Modesty for the Modern Catholic- Part 3: Modesty in Speech


Many men in my generation and younger speak to women, about women, and in front of women in terrible ways, using horrible language that tears women down and turns what God has designed to be beautiful and holy into something that is dirty and shameful. For many women, young and old, this type of speech from men is all they know.  Men either talk to and about them as sexual objects or ignore them, so many women feel that their worth is in their sexual nature, their ability to fulfill men’s sexual desires, and nothing more.  Many women—even “good,” Christian women would rather have this kind of attention than none at all, and so they not only allow this type of speech, but also engage in it as well because their own immodest speech brings them the attention of the men around them.     






There was a time when men would refrain from cursing or speaking about topics that were sexual in nature in front of a woman.  Older men—and men of my generation who were raised well—still do this.  When a man noticeably restricts his speech in front of me, I have always felt respected and protected.  It honors me that to these men, I am worthy of being respected, that my femininity calls them to a higher standard of conduct.  If only all women could experience the reverence of men such as these, if only women felt worthy of this kind of respect.


Of course, equal blame belongs on both genders. Women do not command respect today.  We degrade ourselves by the filth that comes out of our own mouths.  We curse and talk about sex in front of and to men, and then wonder why they treat us the way they do.  We have taught men that it is acceptable to speak to us and about us in immodest ways. We see the perverse world around us and say that we would like to see a return to modesty, but we watch shows and movies full of immodest language (and of course behavior, but that's for a different post). As parents, we allow our children to watch these same shows all the while directing to speak modestly themselves.  We are sabotaging our own message.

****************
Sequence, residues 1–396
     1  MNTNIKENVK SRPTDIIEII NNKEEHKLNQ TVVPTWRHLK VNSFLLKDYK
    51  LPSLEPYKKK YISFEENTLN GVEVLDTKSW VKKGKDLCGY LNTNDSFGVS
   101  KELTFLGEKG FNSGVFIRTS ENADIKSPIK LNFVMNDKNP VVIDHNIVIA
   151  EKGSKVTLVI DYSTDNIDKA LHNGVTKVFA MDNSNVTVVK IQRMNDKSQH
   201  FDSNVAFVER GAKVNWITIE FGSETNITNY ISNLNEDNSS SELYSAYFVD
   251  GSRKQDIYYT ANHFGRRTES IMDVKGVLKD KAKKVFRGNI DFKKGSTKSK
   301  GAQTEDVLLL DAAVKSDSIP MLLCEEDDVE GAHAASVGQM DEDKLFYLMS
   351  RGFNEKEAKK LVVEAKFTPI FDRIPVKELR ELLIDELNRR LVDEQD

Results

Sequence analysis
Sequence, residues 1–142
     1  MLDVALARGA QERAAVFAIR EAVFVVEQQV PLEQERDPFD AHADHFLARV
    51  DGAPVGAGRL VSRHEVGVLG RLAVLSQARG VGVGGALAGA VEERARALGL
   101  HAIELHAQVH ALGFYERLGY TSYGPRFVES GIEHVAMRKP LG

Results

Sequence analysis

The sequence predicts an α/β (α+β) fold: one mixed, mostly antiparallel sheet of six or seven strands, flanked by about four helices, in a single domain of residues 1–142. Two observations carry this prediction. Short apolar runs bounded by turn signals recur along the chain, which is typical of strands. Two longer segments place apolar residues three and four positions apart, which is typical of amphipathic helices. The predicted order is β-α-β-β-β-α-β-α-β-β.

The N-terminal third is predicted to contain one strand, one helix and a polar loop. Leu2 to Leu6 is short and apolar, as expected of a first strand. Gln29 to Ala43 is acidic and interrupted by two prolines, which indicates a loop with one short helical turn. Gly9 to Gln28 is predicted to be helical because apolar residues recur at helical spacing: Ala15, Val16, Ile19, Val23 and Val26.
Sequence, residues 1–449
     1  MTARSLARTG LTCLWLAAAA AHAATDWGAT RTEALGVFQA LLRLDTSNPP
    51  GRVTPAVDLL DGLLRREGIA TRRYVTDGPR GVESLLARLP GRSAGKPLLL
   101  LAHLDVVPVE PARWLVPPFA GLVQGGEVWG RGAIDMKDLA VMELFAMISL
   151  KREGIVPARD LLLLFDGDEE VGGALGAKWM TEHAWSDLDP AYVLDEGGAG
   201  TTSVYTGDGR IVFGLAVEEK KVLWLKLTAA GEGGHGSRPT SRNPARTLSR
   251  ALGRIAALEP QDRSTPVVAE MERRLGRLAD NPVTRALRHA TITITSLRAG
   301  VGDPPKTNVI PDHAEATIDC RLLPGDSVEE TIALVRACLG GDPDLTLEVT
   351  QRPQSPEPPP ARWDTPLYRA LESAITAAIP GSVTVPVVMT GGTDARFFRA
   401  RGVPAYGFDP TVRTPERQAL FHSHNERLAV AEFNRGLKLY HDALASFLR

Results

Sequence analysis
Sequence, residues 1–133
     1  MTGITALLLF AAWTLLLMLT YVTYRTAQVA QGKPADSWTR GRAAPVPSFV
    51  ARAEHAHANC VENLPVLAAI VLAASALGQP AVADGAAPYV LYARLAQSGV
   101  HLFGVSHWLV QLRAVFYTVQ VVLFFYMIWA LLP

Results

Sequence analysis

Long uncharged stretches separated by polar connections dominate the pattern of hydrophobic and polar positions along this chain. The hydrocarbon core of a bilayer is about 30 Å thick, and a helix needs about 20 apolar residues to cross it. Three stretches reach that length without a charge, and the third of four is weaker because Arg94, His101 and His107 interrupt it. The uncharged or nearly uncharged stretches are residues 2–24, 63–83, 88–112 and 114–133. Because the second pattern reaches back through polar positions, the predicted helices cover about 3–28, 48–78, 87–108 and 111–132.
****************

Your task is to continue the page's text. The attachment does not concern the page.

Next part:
What about the music you listen to?  Have you ever really listened to the words?  The majority of the music on the radio, with the exception of country—and even some country music is getting a bit raunchy—is pure filth.  Rappers sing about strippers and meaningless sex, demeaning women with every breath that comes out of their mouths.  Female singers are no better—Lady Gaga, Katy Perry, and the like—they promote anything but chastity or demanding respect from men.  These are our children’s role models—thugs and promiscuous women who have accomplished little more than perfecting the fine art of gyrating on stage.

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    We have fooled ourselves into thinking that immodest speech doesn't matter, but deep down, we know the truth.  When we repeatedly hear immodest language in media, we begin to mimic that speech in our own lives. When we use immodest speech, we give ourselves permission to engage in immodest behaviors.  We start thinking about these things differently.   We degrade ourselves and others.  We perverse what God made beautiful.  And it all starts with our speech.  So, what can we do? I have a few suggestions--and yes, I know that these are much easier said then done.

    First, women, we must stop using immodest speech.  Do you joke, brag, or complain about sexual issues with your friends?  Do you talk about sexual issues in ways and/or situations that are innapropriate and degrade the act? I am not implying that you should not ask for help from a trusted regarding an intmate issue, but I am stating that your friends do not need to know every detail of your romantic evening, or intimate and sensative information about your husband's attributes in the bedroom.  Do you use coarse language? Do you use sexual innuendo to intrigue, entice or attract men?  Realize that this type of talk will draw attention to you, but never respect.
  
   Second, we must stop supporting immodest speech in the media we consume.  Not only because our consumer dollars have power, but also because of the power of our example.  How can we instill modesty in our daughters or demand respect for our bodies and our sexuality from our men, while laughing at the sex jokes on Saturday Night Live, singing about our, "Milkshakes" and dancing to a Ludacris song? (I am showing my age a bit, here...) This became ever apparent to me when I had my first daughter.  I realized that the messages present in much of the music I listened to did not reflect the values I wanted to instill in my daughters.  My daughters will look to my example much more than they will listen to my words.   

   Third, we must expect respect from men. Men speak disrespectfully to and about women in large part because we have allowed and encouraged it.  We laugh at their crude jokes, respond to their trashy come-ons, and talk like sailors ourselves.  We women set the tone.  We set the bar, and it's time we raise it back up to it's proper place.  

   That's a good place to start, although there is so much more to say on the matter. What other ways could we defend and encourage modesty through our speech?  Leave your thoughts and comments in the comment section. 

Next post: Immodest Dress


    
    
            
           



3 comments:

  1. Could not agree with you more! Excellent post, thank you.

    ReplyDelete
  2. Who are you to telling us women how to speak that is none of your fucking business

    ReplyDelete